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Wildflowers + Pollinators = Winning Combination for Florida's Economy

Coreopsis leavenworthii by Jeff Norcini
Florida’s native wildflowers are recognized as an important component of Florida’s ecosystems, and just as significant, Florida's economy. They boost tourism with their beauty and provide habitat and nourishment for crop pollinators responsible for every third bite of food we eat. Many of our favorite Florida fruits and vegetables — oranges, strawberries, blueberries, watermelon, avocados and more — rely on pollinators.  Even your morning coffee and favorite chocolate depend on pollinators.

But our wildflowers, and pollinators that rely on them, are in trouble. With about 900 people a day moving to Florida, an area about 50 percent larger than Tampa (133 square miles) is each year lost to development, which has eliminated life-sustaining habitat for pollinators and wildlife.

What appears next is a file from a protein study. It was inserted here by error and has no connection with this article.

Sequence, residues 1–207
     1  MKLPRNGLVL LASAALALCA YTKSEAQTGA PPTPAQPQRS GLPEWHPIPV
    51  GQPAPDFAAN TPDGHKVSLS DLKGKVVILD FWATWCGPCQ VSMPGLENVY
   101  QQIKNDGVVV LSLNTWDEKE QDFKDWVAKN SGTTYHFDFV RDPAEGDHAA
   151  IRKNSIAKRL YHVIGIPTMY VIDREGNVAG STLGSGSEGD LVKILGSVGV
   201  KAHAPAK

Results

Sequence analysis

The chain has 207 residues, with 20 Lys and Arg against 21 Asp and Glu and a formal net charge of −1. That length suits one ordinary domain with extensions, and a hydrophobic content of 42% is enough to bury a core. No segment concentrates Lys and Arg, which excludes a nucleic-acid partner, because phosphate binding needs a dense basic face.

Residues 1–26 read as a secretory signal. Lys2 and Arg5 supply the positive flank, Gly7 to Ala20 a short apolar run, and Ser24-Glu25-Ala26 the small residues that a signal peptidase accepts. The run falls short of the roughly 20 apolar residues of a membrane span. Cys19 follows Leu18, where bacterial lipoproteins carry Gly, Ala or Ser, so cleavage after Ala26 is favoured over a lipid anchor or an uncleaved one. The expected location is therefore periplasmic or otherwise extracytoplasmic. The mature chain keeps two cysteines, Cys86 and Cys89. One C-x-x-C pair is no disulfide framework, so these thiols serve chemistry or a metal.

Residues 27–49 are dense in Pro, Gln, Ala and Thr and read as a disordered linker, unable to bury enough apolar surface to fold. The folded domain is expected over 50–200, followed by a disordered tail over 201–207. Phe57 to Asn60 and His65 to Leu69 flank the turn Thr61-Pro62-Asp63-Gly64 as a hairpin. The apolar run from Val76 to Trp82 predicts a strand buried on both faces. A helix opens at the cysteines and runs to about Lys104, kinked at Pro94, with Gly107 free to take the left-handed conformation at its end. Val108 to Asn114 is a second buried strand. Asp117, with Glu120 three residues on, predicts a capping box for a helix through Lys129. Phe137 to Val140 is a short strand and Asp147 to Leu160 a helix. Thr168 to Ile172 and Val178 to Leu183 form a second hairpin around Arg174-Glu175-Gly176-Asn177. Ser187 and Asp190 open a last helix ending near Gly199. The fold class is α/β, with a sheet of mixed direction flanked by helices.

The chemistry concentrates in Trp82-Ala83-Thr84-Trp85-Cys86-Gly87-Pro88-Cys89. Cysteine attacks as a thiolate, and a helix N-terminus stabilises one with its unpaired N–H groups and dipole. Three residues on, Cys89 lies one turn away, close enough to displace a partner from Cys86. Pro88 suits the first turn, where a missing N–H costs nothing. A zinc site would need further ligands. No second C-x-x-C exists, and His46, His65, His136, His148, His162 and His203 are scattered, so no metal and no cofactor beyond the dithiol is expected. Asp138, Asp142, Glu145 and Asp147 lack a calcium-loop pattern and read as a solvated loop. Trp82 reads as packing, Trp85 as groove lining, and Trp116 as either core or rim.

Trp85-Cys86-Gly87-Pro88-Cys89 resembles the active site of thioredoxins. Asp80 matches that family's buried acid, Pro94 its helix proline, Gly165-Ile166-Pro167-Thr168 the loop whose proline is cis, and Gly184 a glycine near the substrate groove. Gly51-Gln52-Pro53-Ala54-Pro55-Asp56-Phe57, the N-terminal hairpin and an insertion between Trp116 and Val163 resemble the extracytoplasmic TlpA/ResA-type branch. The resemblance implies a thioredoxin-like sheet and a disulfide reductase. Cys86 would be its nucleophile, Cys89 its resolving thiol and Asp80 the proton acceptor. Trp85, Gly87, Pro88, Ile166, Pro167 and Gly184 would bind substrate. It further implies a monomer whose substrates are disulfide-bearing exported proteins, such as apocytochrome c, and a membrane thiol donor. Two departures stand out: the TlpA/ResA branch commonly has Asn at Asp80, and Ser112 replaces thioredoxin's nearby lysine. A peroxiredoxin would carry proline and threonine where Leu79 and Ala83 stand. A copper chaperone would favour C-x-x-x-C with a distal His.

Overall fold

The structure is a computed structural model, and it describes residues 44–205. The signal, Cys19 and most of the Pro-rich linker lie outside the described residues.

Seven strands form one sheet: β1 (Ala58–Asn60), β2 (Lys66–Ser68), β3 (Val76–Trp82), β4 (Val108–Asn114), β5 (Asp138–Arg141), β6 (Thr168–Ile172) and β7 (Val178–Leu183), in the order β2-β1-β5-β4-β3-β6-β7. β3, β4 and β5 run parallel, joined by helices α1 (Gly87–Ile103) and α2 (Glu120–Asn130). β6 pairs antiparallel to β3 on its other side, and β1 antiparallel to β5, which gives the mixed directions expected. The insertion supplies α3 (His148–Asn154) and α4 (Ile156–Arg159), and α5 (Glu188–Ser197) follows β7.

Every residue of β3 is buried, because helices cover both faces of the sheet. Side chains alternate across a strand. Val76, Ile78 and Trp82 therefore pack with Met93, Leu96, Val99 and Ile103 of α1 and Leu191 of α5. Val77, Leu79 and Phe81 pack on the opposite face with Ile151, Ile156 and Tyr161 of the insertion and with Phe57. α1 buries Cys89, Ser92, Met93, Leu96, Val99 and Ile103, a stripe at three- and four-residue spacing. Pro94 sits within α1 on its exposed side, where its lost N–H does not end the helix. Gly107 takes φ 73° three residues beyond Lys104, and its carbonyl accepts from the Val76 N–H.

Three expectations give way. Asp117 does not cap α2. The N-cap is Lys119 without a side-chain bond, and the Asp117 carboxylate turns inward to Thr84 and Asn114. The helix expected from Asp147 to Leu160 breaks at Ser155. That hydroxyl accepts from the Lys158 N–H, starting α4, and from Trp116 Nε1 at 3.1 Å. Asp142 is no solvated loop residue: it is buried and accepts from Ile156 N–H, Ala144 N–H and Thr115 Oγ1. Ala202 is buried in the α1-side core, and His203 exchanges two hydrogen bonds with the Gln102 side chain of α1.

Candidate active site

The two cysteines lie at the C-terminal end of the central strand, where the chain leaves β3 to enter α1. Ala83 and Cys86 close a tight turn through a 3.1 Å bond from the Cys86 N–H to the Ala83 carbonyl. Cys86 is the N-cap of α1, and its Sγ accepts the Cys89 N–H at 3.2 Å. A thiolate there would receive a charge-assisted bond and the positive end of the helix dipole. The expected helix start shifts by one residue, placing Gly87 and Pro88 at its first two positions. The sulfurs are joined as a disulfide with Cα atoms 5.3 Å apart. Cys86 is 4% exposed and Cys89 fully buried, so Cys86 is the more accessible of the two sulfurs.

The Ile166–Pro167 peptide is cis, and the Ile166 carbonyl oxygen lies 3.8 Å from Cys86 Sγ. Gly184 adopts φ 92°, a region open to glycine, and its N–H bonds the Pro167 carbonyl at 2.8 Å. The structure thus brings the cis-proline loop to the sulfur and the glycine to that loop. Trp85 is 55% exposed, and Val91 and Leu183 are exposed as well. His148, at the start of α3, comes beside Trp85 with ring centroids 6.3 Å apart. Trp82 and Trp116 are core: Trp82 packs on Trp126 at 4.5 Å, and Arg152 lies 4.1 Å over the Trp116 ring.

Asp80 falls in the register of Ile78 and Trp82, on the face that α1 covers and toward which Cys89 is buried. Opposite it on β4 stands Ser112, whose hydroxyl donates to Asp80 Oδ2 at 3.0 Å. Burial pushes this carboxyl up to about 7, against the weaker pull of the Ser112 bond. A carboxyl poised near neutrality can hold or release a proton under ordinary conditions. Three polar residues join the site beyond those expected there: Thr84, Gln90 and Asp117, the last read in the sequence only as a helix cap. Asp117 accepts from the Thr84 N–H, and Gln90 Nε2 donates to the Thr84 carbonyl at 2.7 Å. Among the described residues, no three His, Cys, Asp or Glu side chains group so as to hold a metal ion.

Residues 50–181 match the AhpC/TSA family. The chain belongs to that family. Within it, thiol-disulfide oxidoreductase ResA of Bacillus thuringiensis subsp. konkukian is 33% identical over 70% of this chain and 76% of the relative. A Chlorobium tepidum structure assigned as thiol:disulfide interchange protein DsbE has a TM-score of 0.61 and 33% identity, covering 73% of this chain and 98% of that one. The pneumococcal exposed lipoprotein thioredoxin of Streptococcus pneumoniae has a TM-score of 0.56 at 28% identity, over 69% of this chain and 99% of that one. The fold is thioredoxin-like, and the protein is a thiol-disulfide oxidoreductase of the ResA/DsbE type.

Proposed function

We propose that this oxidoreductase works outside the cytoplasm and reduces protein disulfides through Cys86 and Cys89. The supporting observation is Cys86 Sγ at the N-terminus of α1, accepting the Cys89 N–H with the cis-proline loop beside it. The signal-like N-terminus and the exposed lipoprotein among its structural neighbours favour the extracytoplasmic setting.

Habitat loss has made the managing roadside rights-of-way for pollinators increasingly crucial for agricultural crop production. While the Florida Department of Transportation (FDOT) manages about 200,000 right-of-way acres along 12,116 miles of federal and state roads, only about half is vegetated, and only 3,000 acres hold planted and naturally occurring wildflowers.

We can create more desperately needed habitat by building a “pollinator pathway” of native flowers through reduced mowing, which increases food sources, host plants and nesting places vital to bees, butterflies and other insects.